Climate change and pandemics—what healthcare leaders can do to meet the challenges

The biggest challenge to human health over the next 25 years will come from climate change. It will also cause and amplify the impact of future pandemics. Both climate change and pandemics will disrupt the economic, physical and social infrastructures of countries around the world. The events of the past 18 months are a window into our future. Preemptive and adaptive policies and strategies will be needed to avoid even worse consequences than we have experienced to date.

The U.S. healthcare system could play a seminal role in addressing these twin threats. To do so, healthcare leaders must reinvent what constitutes the healthcare infrastructure; accelerate the implementation of population health budgets that encourage prevention and continuously improving care; and adopt new business models.

President Biden has broadened the historical notion of infrastructure beyond the tangible “hard” assets of roads, bridges and buildings to the more intangible “soft” assets of human capital development needed for a more equitable and robust economic recovery and advancement of citizen engagement. This is reflected in proposed expanded investment in home- and community-based care; preschool education; child tax credits; parental leave policies; and incentives to reduce greenhouse gas emissions by reducing reliance on fossil fuels through wind, solar and related “clean” energy sources. The healthcare system is responding in kind by expanding its notion of infrastructure beyond the bricks-and-mortar inpatient care settings to stronger primary care, home care, and cross-sector engagement with organizations addressing food insecurity, education, housing, transportation and community development.

Such an emerging infrastructure of healthcare delivery will require healthcare leaders to more rapidly adopt and implement risk-adjusted population health budgets that eliminate fee-for-service payment. Adjustments will also need to be made for differences in people’s living conditions that adversely affect their health. While challenging to implement, risk-adjusted population health budgets provide the incentives to keep people well, to innovate in redesigning and continuously improving care, while providing a predictable revenue flow from year to year.

The new healthcare infrastructure supported by risk-adjusted population health budgets will also require leaders to adopt new business models. A parallel exists between climate change and historical healthcare delivery. Both produce human-induced waste into their environments. For climate change, it is carbon dioxide and other greenhouse gas emissions. For healthcare, it is the estimated 30% of waste in spending created by duplicate tests, medical errors, rework and provision of low-value care.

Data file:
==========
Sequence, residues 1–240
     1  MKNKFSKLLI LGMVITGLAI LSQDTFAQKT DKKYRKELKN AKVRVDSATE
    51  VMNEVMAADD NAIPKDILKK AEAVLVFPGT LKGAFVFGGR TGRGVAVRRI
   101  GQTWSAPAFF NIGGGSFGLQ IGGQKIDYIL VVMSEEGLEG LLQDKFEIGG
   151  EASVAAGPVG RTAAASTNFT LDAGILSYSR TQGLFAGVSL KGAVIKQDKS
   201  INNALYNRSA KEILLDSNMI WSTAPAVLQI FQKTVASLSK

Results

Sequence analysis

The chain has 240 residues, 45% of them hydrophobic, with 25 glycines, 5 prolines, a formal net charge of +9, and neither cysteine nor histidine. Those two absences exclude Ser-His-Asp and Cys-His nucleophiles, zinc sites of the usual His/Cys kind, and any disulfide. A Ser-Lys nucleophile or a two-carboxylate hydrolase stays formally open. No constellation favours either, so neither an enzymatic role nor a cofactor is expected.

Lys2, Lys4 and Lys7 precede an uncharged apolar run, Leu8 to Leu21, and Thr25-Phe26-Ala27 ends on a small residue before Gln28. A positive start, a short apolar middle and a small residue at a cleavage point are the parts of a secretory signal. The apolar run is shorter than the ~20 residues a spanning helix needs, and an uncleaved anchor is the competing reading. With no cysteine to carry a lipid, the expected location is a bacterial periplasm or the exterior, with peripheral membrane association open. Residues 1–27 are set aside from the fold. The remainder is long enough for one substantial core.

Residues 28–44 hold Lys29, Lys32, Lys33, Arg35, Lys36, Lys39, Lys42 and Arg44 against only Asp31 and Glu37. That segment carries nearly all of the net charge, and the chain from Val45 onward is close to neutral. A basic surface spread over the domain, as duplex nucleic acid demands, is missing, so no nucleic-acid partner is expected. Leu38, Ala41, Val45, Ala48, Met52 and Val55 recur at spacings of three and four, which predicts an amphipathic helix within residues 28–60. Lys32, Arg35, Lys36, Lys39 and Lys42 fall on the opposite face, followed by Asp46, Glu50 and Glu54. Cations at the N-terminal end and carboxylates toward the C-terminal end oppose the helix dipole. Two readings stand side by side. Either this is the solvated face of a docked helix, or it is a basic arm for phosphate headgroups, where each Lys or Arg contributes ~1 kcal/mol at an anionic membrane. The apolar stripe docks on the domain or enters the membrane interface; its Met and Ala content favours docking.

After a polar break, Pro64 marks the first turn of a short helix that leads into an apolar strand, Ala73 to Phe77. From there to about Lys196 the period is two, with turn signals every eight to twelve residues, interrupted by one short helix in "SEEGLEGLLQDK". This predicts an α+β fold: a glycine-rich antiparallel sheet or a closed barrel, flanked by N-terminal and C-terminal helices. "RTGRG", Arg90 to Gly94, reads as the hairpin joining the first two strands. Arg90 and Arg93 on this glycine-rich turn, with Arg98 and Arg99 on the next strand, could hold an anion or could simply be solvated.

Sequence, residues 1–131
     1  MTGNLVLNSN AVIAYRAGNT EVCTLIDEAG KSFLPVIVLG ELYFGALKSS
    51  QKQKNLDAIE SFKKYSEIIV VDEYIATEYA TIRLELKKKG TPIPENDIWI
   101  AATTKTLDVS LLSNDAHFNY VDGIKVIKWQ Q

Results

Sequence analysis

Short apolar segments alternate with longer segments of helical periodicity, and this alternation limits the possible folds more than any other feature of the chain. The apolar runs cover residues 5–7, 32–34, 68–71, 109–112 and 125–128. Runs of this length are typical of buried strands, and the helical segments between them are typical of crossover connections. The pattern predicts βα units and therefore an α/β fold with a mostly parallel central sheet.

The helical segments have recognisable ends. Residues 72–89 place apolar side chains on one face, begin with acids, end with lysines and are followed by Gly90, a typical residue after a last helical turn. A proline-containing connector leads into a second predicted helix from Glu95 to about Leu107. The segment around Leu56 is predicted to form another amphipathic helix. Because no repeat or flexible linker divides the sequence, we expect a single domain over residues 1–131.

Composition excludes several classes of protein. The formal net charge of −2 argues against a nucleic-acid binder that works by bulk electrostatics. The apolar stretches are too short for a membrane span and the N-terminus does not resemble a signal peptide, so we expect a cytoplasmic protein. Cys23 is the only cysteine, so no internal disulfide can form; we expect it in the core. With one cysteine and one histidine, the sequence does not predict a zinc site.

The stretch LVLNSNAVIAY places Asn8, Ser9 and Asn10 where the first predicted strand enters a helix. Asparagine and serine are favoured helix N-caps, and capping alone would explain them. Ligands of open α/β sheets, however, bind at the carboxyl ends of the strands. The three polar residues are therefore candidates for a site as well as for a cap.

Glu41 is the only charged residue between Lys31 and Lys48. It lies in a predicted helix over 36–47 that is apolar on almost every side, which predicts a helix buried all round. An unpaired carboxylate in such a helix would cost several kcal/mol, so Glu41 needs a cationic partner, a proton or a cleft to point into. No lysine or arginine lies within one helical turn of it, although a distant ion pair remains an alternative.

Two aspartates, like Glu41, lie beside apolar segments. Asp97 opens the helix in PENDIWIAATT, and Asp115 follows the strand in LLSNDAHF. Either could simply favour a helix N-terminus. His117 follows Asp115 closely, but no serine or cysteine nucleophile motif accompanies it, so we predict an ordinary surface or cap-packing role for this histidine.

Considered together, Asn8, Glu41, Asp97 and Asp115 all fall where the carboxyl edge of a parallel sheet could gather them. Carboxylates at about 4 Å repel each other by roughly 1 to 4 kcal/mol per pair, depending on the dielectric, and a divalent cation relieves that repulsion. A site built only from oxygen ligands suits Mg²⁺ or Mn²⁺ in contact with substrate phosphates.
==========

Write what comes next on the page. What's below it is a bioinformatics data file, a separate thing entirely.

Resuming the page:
In the case of climate change, “capping and trading” sets price limits on companies’ pollution allowing them to buy and sell their allowances. Organizations that cut their pollutants faster can sell their allowances to those that pollute more or “bank” them for future use. In similar fashion, a tax or limit could be placed on the waste that healthcare organizations produce and a market created to address the underlying social determinants of health: food insecurity, housing, education, transportation and community development.

A leadership action plan for the new infrastructure, payment and business models will look like this:

  • Invest in the community. Invest in primary care and prevention.
  • Provide care in lower-cost settings using technology-enabled lower-cost providers fully using their competencies allowed by updated licensing laws.
  • Eliminate any steps in care that do not produce value for patients.
  • Continuously improve care using data-informed and evidence-based proven systems of operational excellence.

Key to achieving all of the above will be greater investment in community-linked primary care. Countries that produce better health outcomes at much less cost than the U.S. spend two to three times as much of their healthcare expenditures on primary care than the approximate 5% in the U.S. The greater investment in primary care needs to be accompanied by a better climate-prepared and pandemic-prepared workforce, building on the lessons from COVID-19.

Implementing the new infrastructure, payment approaches and business models will also require new behaviors from our healthcare leaders. Understandably, these will be uncomfortable for many. But failure to take such actions now will only repeat the calamity of this pandemic and invite an even more disastrous future.


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